° Freiburg, Germany 1986

lives and works in Kassel — Germany


Lennart Rieder participated at Coup de Ville 2013. This text was published in the catalogue.


Rieder studied at the Art Academy in Kassel and, by means of the Documenta exhibitions and the artists living there, came to the realisation that he should explore the world. He opted for various residencies and education programmes abroad, including in Ghent. Currently, Rieder resolutely has chosen to explore painting. He combines motifs from art history with natural forms, but estranges them from recognizable reality through his use of colour and material. In so doing, he does not aim at the pleasing, attractive or decorative; his goal is to create an atmosphere of entrapment, deception and discomfort. He is currently experimenting with the impact of different formats – their effect within the presentation space as well as on the viewer.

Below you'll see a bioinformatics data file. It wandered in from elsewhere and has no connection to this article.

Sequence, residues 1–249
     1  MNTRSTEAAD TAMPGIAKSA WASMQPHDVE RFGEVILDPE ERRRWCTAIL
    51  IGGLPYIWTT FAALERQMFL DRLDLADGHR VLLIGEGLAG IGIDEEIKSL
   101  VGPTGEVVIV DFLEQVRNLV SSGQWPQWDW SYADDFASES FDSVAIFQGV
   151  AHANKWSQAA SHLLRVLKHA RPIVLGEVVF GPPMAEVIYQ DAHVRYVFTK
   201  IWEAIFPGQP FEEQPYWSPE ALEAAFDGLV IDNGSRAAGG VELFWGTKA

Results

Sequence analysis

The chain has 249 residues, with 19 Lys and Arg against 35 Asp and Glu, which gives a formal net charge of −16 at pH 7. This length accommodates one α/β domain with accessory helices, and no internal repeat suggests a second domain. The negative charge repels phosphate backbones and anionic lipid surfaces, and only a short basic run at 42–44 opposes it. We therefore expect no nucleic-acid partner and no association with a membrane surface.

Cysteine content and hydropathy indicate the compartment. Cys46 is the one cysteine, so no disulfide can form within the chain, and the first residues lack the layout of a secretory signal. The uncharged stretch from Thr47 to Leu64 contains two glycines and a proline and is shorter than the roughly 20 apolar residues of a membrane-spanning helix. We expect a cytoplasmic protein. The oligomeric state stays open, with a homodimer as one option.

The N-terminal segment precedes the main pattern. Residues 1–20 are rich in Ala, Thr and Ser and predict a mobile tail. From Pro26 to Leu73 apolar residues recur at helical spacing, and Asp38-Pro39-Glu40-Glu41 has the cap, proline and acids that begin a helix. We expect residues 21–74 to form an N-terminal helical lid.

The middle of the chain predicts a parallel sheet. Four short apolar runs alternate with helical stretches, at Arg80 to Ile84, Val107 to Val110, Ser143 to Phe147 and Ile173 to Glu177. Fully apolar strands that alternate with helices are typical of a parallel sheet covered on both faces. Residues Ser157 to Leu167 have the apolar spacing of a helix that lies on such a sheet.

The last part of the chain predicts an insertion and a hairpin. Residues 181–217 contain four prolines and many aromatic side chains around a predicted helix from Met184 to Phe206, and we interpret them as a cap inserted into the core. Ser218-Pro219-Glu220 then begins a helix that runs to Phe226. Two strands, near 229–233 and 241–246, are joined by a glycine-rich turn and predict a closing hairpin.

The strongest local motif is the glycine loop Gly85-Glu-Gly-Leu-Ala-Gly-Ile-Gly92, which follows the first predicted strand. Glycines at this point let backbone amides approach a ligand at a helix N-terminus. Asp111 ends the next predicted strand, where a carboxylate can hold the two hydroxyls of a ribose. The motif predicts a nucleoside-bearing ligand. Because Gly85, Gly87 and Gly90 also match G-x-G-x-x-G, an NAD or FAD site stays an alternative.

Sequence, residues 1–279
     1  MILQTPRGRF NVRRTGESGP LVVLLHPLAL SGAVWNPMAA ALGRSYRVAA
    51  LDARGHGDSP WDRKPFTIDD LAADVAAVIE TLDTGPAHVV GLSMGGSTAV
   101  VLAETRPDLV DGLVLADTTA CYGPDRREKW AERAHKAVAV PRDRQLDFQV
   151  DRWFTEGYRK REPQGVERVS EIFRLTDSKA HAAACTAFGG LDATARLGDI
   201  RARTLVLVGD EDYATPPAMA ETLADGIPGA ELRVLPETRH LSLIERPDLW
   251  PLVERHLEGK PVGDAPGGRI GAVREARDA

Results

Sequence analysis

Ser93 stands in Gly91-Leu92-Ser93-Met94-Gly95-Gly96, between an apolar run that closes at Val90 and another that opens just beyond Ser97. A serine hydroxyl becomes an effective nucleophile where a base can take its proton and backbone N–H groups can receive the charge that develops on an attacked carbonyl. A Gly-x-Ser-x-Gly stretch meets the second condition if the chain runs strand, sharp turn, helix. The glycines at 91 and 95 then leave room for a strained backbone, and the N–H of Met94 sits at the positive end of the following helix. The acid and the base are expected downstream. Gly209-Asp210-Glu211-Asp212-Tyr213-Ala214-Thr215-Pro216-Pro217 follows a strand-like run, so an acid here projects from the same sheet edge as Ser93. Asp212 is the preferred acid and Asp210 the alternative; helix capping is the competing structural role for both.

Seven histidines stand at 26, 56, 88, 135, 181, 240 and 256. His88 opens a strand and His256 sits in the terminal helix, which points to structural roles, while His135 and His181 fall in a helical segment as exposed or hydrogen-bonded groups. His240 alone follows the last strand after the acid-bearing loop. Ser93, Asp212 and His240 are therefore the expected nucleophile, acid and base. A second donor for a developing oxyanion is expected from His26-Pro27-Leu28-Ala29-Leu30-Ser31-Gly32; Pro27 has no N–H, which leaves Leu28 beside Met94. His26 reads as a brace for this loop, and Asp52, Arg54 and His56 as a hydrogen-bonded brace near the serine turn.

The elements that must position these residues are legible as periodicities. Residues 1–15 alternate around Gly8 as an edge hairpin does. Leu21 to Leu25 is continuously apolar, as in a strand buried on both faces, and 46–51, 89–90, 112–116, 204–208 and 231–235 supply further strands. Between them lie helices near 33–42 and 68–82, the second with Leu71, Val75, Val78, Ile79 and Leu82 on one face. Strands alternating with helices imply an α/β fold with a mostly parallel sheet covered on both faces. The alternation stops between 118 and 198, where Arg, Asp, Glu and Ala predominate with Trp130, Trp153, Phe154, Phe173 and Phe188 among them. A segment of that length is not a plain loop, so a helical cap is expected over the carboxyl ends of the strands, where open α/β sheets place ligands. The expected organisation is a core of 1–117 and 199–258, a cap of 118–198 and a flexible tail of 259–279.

In response to a mural created by Stephan Balleux in the restaurant Eigenwijs on the occasion of the first edition of Coup de Ville, Lennart Rieder has realized a large painting on canvas that he leans up against it. He describes it as a large billboard that is oversized or ‘disproportionate’ in relation to the interior. Rieder is responding to two givens: the pattern of expectation as to how a painting should be presented and the visual signals that demand all one’s attention in public space, which is something he questions. Polluting signs, logos, signals and images function in public space like a hidden persuader – they are not noticed consciously, but determine our image of the city and influence our thinking and undoubtedly our actions. By means of the scale and positioning of his painting, Rieder creates a signal that one cannot avoid. His design is based on a traditional genre: a maritime scene, but is developed using unorthodox materials. As a graffiti artist he began creating images years ago that looked like ‘paintings’ from the ‘real’ art world – which he then still had to explore. He has now made a painting with a special covering spray that is used to remove graffiti vandalism. In dialogue with the mural by Stephan Balleux (whose painting represents a tag) a relationship is also established through the use of material through the use of material with the street which is sucked inside.